Baghdad could draw such a large crowd. "I do think he was frustrated
about why 10,000 Shiites would go into the streets and demonstrate against
the United States," said another person who attended.

The White House would not comment on the details of the discussion but a
senior official warned against drawing conclusions on what the president
thinks based on questions he asked in the process of drawing out the invited
guests.

Participants said Mr. Bush appeared serious and engaged during the lunch,
which lasted more than 90 minutes, as the experts went through a lengthy
discussion of the political, ethnic, religious and security challenges in
Iraq. And through it all, Mr. Bush showed no signs of veering from the
administration's policies to support the new government and train Iraqi
security forces to take over the fight, and only then bring American troops
home.

One participant in the lunch, Carole A. O'Leary, a professor at American
University who is also doing work in Iraq with a State Department grant,
said Mr. Bush expressed the view that "the Shia-led government needs to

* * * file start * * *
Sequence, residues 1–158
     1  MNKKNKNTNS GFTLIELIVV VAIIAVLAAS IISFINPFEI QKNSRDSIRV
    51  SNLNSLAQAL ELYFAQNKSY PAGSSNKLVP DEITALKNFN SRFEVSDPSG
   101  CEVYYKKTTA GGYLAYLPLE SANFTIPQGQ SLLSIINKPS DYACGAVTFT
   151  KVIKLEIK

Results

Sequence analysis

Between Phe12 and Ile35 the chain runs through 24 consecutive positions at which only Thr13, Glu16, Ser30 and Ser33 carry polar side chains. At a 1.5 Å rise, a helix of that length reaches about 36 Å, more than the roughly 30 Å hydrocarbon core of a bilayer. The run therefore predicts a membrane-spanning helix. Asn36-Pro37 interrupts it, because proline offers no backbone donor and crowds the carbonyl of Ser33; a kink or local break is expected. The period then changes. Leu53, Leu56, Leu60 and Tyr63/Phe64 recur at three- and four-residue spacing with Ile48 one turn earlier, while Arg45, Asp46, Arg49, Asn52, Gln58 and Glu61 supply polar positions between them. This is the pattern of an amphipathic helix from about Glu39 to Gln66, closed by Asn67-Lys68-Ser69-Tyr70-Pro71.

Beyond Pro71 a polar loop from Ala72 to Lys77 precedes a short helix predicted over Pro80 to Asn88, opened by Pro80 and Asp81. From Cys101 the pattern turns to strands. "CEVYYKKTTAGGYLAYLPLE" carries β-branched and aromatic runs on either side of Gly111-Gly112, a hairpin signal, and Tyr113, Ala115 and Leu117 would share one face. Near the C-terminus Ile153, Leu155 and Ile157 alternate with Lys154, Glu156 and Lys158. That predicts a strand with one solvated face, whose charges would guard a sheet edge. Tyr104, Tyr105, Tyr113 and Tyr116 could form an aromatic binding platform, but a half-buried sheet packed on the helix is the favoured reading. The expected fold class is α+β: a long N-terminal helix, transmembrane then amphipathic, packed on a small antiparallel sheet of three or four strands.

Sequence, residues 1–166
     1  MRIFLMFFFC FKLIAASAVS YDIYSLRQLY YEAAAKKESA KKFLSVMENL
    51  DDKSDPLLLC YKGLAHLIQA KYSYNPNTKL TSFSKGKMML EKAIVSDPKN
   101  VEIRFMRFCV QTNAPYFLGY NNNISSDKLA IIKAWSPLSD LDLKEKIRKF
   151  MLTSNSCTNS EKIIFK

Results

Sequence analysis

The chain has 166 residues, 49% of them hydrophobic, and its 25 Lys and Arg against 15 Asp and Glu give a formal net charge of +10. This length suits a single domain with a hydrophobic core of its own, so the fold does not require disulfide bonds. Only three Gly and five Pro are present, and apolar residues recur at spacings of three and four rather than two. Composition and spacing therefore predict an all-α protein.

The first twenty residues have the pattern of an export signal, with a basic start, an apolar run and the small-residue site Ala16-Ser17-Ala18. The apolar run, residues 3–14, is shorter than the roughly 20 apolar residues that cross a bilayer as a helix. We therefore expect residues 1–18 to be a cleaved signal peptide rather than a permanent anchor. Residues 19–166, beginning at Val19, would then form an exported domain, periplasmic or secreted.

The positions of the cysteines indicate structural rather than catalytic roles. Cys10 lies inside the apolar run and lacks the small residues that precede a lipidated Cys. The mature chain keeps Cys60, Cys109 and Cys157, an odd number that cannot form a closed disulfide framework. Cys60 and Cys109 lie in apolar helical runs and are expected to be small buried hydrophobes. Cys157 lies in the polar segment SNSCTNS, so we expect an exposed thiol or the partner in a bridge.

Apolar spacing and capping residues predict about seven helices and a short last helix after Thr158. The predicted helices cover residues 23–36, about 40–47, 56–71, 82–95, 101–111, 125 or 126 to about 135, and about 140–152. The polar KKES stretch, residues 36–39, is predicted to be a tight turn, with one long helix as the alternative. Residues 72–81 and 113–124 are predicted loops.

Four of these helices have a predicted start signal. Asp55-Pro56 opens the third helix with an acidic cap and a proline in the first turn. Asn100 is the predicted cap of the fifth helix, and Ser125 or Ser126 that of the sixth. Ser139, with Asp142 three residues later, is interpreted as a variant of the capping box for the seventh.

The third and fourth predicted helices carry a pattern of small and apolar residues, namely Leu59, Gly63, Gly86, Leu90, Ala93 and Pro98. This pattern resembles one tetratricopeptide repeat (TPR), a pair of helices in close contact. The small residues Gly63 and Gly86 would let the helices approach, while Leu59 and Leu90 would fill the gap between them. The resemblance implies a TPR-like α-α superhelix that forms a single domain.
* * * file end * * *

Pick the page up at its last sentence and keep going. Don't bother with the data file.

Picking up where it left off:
clearly and publicly express the same appreciation for United States efforts
and sacrifices as they do in private."

The White House began to open its doors to a wider range of views earlier
this year, after acknowledging that months of complaints after Hurricane
Katrina that the president and his team were isolated — "living in a bubble"
was a frequent refrain — had gotten through. But that accelerated after Joshua
B. Bolten<http://topics.nytimes.com/top/reference/timestopics/people/b/joshua_b_bolten/index.html?inline=nyt-per>became
White House chief of staff in the spring.

One of the participants at the Monday lunch, Eric Davis, a Rutgers
University<http://topics.nytimes.com/top/reference/timestopics/organizations/r/rutgers_the_state_university/index.html?inline=nyt-org>political
science professor who previously served as director of the
university's Center for Middle Eastern Studies, released a text of his
remarks.

Mr. Davis said he discussed the regional upheaval that could follow if Iraq
descended into chaos or was allowed to divide along ethnic lines. "I believe
that the American people do not fully understand the potential domino
effects that the collapse of Iraq into disorder and anarchy would have on
the Middle East and the global political system," he said.

Mr. Davis said he urged the creation of more jobs for younger Iraqis, and